When the dust settles, Thai PBS must be revamped
For almost a decade, the public coffers have earmarked a "sin tax" of about two billion baht annually to finance the Thai Public Broadcasting Service, officially claimed to be the first public broadcasting service in Thailand and Southeast Asia.
Though modelled after the British Broadcasting Corporation, Thai PBS is still far from being a worthwhile information service and far-sighted commentary forum in a country desperately in need of a television network intelligently devoted to the public good.
Rather, Thai PBS has gone through internal turbulence and power struggles, prompting quiet, negotiated compromises at the policy level, without triggering noticeably positive changes at its flagship, the Thai PBS television network.
On Oct 9, the board of governors of Thai PBS, headed by Narong Petchprasert, a reform-minded political economist, abruptly sacked its second director-general Somchai Suwanban, previously a radio man on the Thai desk at the BBC.
While the reasons behind the dismissal are still subject to speculation, this is a golden opportunity to rethink the mission of Thai PBS. The casual rhetoric that Thai PBS is a kind of local BBC might be sufficient to hypnotise the uninformed public, but it is in fact propaganda.
The real question, which has never been adequately and openly debated in the Thai context, is what mission is most proper for a full-fledged public television network?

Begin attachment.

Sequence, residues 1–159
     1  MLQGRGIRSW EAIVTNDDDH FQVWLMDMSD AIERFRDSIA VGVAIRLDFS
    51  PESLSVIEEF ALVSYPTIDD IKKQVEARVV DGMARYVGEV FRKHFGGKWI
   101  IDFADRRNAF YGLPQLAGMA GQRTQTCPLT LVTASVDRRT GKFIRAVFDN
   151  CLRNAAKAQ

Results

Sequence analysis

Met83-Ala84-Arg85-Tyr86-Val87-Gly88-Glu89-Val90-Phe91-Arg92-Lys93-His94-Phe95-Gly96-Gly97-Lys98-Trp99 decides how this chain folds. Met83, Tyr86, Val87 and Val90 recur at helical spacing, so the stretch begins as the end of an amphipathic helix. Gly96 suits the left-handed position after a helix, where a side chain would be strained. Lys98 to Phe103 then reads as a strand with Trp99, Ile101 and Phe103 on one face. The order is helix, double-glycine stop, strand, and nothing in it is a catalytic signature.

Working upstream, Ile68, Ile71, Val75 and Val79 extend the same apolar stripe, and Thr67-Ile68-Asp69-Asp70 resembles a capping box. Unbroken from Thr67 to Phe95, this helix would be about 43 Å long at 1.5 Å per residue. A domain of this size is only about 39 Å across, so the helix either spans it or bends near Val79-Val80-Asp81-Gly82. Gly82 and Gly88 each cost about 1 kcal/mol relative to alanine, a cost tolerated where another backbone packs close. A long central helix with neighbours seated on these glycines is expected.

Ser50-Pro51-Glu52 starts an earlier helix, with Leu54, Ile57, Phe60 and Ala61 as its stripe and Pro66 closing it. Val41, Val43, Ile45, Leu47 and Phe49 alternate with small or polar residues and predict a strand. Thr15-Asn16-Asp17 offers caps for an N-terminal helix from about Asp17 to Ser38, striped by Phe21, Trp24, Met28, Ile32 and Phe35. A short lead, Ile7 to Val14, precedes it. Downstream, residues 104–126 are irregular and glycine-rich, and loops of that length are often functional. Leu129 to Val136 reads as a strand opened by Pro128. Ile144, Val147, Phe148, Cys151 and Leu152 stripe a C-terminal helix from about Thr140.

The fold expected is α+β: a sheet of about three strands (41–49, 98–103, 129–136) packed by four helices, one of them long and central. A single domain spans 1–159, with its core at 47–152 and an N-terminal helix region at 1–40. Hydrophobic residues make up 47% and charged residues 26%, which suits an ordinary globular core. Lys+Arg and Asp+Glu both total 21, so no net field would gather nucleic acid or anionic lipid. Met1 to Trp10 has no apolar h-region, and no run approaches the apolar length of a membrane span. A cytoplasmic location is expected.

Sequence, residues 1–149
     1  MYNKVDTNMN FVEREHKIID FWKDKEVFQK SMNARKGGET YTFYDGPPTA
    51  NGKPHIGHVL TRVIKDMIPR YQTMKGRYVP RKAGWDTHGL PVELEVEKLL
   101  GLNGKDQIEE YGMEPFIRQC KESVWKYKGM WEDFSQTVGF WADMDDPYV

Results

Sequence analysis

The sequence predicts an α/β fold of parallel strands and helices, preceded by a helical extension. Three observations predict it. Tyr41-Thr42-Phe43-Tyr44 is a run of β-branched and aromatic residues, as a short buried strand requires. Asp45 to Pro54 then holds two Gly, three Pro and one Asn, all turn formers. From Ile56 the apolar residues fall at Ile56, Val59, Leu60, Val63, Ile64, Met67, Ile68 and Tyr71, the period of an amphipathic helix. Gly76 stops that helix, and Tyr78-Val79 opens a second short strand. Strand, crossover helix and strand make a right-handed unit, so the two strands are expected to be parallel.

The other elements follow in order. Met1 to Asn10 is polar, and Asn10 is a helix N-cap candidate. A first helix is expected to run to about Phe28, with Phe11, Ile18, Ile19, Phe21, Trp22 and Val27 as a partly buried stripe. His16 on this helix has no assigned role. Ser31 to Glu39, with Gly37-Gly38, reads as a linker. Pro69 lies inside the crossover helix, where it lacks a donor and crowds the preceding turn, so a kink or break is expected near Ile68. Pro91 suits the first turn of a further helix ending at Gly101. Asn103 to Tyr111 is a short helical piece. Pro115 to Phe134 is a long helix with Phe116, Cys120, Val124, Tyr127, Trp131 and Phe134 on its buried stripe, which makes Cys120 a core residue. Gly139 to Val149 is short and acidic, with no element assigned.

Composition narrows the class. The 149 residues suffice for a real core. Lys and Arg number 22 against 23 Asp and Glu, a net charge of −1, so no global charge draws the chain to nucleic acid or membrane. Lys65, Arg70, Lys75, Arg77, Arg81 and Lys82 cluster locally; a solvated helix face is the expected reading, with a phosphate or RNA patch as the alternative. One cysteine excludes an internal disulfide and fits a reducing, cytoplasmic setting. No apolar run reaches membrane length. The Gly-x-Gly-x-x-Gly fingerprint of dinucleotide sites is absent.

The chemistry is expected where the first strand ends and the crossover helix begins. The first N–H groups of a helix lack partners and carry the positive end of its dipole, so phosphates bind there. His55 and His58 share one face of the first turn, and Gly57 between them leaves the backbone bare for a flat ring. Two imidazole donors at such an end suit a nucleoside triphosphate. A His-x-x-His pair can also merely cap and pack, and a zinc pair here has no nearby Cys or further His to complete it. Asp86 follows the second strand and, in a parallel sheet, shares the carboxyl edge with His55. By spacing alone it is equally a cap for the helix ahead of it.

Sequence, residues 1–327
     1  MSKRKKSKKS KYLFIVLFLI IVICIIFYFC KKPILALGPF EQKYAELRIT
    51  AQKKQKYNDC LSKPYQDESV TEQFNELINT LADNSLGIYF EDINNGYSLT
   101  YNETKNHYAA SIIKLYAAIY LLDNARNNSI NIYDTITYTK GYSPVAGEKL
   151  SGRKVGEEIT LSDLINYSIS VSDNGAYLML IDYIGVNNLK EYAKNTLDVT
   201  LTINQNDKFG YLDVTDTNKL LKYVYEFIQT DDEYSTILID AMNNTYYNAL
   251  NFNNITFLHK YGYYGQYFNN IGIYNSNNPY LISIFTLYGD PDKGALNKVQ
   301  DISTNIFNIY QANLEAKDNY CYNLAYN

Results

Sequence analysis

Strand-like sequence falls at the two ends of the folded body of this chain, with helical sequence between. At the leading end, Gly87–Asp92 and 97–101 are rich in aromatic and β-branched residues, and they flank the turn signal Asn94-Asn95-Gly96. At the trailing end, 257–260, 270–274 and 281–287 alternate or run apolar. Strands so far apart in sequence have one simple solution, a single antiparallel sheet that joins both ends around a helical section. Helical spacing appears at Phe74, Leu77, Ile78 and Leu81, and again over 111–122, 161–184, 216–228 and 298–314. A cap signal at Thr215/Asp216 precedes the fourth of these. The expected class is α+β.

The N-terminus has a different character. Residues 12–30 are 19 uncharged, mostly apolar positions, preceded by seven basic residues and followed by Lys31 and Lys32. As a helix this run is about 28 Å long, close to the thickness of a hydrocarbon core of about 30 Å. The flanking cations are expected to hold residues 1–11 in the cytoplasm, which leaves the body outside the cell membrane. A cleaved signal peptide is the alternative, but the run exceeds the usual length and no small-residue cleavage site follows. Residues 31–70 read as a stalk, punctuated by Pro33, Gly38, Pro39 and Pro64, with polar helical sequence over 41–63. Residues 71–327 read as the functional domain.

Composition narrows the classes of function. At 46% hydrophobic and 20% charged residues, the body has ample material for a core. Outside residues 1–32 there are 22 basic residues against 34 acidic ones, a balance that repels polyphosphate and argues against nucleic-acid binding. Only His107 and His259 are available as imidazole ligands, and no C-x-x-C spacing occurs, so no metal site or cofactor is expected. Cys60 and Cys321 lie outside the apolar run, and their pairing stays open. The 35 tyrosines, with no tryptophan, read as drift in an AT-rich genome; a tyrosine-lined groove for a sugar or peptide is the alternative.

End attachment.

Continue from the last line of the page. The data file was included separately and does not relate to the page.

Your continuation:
In a deeply commercialised Thai television industry, with a history of some six decades in which networks compete to provide essentially the same wares including casual news talk, folk comedies, teenage singing contests, game shows, cooking classes, imported series, movies, documentaries and cartoons, local melodramas focused on girlish fights over boys and their money and uncontrollable teenage sexual urges, Thai PBS has done slightly better, notably airing certain programmes that allow the voices of the poor to be heard.
Unfortunately, the overarching direction, guided by its chosen slogan "You can trust", signals a justification for all that is predictable, rather than a pursuit of excellence.
While a thorough, rigorous and critical study of the programming structure and impact of Thai PBS remains to be designed, implemented and debated, what has been done so far is clearly not good enough for an organisation which has a lot of public money at its disposal. Thai PBS has spent almost 20 billion baht since 2008, a respectable sum that could have built a decent hospital, foundation, or university.
Leaving aside the ongoing legal contests, it is more crucial that the emerging changes at Thai PBS do not continue to reflect the vested interests of Thai PBS policy-makers and staffers only. There is a long overdue public need for a more and better information and commentary service from this expensive media outlet that looks more like a stubborn bureaucracy than a creative organisation.
In view of the limitations of the commercialised Thai television industry, Thai PBS must be reinvented to achieve a unique mission focused on providing truly important information and genuine knowledge of our day and age to equip our citizens and institutions with what they need to make the right decisions toward a better future for their individual lives and public good.